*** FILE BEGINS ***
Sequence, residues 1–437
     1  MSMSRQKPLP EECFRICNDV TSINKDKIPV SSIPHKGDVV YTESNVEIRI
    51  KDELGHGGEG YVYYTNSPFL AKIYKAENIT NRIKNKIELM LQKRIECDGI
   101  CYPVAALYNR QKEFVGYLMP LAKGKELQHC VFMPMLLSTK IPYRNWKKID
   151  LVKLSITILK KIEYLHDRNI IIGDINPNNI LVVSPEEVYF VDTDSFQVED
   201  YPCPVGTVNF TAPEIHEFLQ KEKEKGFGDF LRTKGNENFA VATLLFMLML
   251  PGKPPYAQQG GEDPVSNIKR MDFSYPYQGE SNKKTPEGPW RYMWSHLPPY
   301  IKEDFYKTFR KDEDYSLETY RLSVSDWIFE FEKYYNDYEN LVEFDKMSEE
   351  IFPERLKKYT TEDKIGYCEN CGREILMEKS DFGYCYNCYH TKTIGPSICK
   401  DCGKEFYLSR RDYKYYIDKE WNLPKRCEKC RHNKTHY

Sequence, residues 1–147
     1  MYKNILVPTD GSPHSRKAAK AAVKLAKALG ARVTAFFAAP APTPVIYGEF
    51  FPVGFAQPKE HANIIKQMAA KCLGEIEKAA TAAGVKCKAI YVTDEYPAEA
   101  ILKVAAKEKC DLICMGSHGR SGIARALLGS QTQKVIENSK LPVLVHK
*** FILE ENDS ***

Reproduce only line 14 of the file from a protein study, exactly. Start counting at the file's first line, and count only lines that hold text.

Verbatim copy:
   101  ILKVAAKEKC DLICMGSHGR SGIARALLGS QTQKVIENSK LPVLVHK